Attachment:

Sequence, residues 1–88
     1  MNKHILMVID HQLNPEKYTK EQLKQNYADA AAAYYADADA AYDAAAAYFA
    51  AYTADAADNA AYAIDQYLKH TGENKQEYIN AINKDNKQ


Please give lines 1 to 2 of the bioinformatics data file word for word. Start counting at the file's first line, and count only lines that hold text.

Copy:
Sequence, residues 1–88
     1  MNKHILMVID HQLNPEKYTK EQLKQNYADA AAAYYADADA AYDAAAAYFA